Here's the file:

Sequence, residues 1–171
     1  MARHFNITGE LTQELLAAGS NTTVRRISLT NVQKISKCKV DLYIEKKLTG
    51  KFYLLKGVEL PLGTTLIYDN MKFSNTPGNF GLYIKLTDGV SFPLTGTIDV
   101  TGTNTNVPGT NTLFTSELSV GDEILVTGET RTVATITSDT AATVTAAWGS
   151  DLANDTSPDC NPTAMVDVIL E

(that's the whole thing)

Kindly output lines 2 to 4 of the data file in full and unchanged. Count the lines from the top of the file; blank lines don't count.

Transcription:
     1  MARHFNITGE LTQELLAAGS NTTVRRISLT NVQKISKCKV DLYIEKKLTG
    51  KFYLLKGVEL PLGTTLIYDN MKFSNTPGNF GLYIKLTDGV SFPLTGTIDV
   101  TGTNTNVPGT NTLFTSELSV GDEILVTGET RTVATITSDT AATVTAAWGS